The use of the toponym “Galata” for the suburbs of Constantinople situated beyond the Golden Horn is poorly attested in the early Byzantine period. One finds it not until the ninth century, in the fond recollections of their childhood by Theophanes and the patriarch Nikephoros. The actual meaning and origin of this placename has also been debated. As a result, we consider it as a rather late designation, and a number of very different etymologies can be found in modern works–some reasonable and compelling, others hilarious and unfounded.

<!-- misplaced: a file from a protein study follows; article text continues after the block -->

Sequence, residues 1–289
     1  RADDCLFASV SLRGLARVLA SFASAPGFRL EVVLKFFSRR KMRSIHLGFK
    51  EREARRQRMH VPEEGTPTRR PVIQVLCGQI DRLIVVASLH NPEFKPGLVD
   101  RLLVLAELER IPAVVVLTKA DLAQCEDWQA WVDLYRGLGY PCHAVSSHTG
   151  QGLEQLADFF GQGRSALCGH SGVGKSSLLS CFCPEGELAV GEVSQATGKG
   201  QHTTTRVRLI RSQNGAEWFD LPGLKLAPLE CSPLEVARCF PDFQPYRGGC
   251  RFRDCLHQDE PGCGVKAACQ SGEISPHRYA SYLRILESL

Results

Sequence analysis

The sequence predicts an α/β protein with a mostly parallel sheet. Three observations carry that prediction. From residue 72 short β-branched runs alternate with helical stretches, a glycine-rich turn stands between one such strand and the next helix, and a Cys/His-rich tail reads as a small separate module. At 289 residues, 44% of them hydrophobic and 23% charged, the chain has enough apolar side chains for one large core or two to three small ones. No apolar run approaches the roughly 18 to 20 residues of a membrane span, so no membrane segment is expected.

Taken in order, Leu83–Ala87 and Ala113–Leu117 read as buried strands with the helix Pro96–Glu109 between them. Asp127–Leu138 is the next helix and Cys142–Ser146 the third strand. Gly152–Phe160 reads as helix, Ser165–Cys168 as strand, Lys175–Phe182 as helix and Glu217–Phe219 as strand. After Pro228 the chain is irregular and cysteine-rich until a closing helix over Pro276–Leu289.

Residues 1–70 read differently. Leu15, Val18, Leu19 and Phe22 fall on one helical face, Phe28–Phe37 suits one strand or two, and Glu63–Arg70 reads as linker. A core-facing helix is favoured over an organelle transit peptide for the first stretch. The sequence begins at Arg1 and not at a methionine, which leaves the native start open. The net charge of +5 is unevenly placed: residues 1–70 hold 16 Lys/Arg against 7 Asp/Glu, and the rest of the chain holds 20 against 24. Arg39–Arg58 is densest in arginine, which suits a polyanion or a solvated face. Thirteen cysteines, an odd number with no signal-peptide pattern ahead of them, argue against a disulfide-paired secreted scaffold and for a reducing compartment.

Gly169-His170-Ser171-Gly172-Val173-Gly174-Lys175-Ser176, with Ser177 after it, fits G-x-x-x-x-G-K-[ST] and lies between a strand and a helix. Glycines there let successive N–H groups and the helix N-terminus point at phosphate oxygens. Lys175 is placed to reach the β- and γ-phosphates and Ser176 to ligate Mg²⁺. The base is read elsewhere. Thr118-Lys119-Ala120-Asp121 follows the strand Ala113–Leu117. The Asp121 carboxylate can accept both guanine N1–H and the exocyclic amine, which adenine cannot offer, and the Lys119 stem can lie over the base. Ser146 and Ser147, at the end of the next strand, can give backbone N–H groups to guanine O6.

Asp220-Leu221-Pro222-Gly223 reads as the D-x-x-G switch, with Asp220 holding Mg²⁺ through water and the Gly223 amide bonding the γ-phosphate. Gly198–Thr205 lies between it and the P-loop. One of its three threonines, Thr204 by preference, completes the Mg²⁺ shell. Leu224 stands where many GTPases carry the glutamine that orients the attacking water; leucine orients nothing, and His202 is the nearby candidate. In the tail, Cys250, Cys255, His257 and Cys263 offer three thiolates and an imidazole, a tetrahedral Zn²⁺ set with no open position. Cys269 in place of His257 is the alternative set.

In my talk, I will first revisit proposed etymologies, then I will look into the earliest recorded cases of the use of this toponym. I will conclude with an overview of an epitaph from Nicaea in Bithynia, possibly dating from the Theodosian period, which may change the way we look at the toponomastic history of Galata district. In comparison with my earlier talks on this topic at the Warsaw Papyrological-Epigraphical Seminar, and the Late Antique and Byzantine Seminar, Oxford, in late winter/early spring of 2021, the present talk will feature more problematized conclusions including feedback from other scholars with whom I further discussed the issue.